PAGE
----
A decision by the appeals court regarding whether to grant a rehearing is expected by mid-June. If granted, an en banc rehearing could take months during which time the preliminary injunction rejected by the three-judge panel presumably would remain in place. However, if the appeals court rejects a rehearing, the state of California could begin enforcing AB 5 on motor carriers unless the appeals court were to order the status quo pending the inevitable appeal to the U.S. Supreme Court.
A group of 21 organizations on June 3 urged U.S. senators to support the continuation of the independent contractor model for owner-operators in trucking. The letter to senators was prompted by the recent passage in the House of pro-labor legislation (H.R. 842) that includes a provision essentially federalizing the same ABC test for worker classification that is incorporated into California's AB 5 law. The U.S. House of Representatives narrowly passed the bill, known as the Protecting the Right to Organize (PRO) Act, on March 9 in a highly partisan vote.
“This model is the backbone of service in key truck transportation niches including over-the-road truckload service, the transportation of refrigerated commodities including fresh fruits and vegetables, intermodal truck shipments with prior or subsequent movement by rail, water and air, the transportation of new and used automobiles, etc.,” the organizations said in their letter. “The owner operator/independent contractor model is a choice, not some form of forced servitude. Owner operators, under federal regulations, have portability and can choose to provide service over routes they select working with over 500,000 licensed interstate motor carriers.”
The organizations signing the letter supporting the independent contractor owner-operator model include a broad range of carriers, shippers, intermediaries, and small business advocates across industries. The letter and list of signatories is available at http://bit.ly/ICSupportLetter.
Owing to the filibuster, the PRO Act stands almost no chance of passing the Senate as a stand-alone piece of legislation. But the text of the legislation could be attached to a budget reconciliation bill, which would require only a majority vote to pass. This tactic would greatly enhance the legislation’s chances, although Democrats likely would have to hold every single senator as Republicans uniformly would be expected to oppose the PRO Act. However, universal Republican opposition to individual elements of the PRO Act, such as the ABC test, would be less certain if the alternative is a failure of an important piece of budget-related legislation.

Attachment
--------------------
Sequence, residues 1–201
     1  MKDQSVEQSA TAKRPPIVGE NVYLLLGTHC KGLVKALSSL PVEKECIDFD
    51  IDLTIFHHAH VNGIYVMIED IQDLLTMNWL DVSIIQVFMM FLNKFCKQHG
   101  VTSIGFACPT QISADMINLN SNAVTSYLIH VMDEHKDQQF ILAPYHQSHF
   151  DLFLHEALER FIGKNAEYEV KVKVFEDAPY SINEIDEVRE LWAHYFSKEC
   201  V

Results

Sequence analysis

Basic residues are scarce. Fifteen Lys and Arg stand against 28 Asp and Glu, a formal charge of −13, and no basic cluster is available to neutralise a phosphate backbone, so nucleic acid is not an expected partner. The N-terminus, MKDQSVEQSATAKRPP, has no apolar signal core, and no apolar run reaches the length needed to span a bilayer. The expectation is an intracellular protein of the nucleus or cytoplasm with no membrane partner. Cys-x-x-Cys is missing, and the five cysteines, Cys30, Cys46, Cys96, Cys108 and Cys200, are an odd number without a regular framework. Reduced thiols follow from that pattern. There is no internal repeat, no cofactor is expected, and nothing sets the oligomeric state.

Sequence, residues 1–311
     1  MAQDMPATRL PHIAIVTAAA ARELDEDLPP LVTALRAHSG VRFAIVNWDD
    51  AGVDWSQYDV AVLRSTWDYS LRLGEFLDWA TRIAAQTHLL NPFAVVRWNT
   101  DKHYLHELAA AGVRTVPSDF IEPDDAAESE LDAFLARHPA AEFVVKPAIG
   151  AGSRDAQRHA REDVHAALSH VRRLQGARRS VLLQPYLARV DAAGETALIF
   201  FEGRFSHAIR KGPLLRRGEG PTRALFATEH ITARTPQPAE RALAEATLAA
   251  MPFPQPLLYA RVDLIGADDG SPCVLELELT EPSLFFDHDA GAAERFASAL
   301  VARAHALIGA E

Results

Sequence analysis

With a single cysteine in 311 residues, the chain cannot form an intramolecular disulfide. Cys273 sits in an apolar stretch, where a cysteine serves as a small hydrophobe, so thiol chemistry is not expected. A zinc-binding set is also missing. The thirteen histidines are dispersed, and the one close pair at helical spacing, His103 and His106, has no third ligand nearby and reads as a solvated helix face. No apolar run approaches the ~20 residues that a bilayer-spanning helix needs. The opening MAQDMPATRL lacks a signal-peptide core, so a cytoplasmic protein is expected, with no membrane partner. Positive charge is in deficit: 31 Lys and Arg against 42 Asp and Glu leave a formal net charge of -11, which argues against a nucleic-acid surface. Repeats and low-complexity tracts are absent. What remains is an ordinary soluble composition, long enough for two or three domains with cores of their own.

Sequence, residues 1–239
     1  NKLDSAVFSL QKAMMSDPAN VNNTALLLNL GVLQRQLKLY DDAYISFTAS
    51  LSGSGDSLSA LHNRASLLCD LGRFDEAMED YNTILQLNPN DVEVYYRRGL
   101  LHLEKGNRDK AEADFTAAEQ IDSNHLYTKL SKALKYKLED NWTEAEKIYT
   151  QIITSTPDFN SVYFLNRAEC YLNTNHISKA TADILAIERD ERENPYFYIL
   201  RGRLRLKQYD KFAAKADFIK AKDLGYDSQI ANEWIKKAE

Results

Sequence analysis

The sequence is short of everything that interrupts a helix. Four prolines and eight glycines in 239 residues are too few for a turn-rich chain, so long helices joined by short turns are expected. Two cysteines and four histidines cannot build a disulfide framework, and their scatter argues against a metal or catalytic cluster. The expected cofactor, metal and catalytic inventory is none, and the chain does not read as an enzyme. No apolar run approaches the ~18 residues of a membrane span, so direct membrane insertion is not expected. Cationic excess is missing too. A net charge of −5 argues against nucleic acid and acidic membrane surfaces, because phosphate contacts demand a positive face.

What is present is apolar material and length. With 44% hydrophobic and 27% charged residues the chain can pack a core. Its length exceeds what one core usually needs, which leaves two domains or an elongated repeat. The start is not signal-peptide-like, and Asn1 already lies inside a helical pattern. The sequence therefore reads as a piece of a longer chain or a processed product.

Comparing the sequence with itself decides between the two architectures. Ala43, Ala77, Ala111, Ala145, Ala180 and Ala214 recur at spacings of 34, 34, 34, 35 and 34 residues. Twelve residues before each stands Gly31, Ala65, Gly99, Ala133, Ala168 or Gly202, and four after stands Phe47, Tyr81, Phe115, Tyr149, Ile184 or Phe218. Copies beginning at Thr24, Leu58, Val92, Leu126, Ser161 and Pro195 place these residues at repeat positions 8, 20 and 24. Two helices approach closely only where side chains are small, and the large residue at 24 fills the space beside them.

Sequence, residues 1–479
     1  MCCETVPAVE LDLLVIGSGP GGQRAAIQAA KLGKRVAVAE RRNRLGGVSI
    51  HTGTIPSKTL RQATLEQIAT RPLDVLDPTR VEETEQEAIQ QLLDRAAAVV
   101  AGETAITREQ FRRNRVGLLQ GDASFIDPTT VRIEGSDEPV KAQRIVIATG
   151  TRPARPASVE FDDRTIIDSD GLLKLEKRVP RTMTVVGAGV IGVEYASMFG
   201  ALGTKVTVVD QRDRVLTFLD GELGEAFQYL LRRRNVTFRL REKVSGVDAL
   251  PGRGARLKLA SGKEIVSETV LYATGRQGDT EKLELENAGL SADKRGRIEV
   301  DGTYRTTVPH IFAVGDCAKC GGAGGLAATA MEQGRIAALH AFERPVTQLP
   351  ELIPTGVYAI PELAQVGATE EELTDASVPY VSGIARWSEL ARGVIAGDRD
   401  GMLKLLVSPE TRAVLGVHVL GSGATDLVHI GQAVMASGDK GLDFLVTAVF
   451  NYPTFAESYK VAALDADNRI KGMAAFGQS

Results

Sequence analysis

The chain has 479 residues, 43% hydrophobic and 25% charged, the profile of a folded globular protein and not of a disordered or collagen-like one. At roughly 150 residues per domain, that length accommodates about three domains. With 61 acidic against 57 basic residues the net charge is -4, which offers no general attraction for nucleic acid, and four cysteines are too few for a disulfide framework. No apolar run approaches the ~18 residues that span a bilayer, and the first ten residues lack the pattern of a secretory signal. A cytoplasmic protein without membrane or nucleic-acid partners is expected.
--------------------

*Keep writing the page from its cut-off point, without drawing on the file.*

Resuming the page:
After a 19-hour highly partisan markup session that ended early on June 10, the House Transportation & Infrastructure Committee approved H.R. 3684, the Investing in a New Vision for the Environment and Surface Transportation in America Act (INVEST in America Act). The legislation, which is essentially the same as a bill (H.R. 2) the committee approved last year, includes controversial measures related to motor carrier safety and regulatory policy. The House passed H.R. 2 last year, but it died in the Senate at the end of the 116th Congress.
Key motor carrier safety provisions of H.R. 3684 would require:
Republicans on the T&I Committee unsuccessfully offered numerous amendments, some of which aimed at killing or greatly modifying the more controversial motor carrier provisions, such as the increased minimum insurance levels. On May 20, T&I’s Republican leadership had introduced H.R. 3341, the Surface Transportation Advanced through Reform, Technology & Efficient Review (STARTER) Act 2.0. As was the case with the Democratic bill, H.R. 3341 is basically the same as one Republicans had proposed last year. The STARTER Act 2.0 also includes some significant legislative provisions related to motor carrier safety, though far fewer than what is contained in the Democratic bill. For example, H.R. 3341 would establish an interim carrier selection standard for brokers and shippers pending a rulemaking to modify safety fitness determination standards and create a pilot program to conduct remote compliance audits. It also would expand flexibility for haulers of agricultural goods and livestock under the hours-of-service regulations.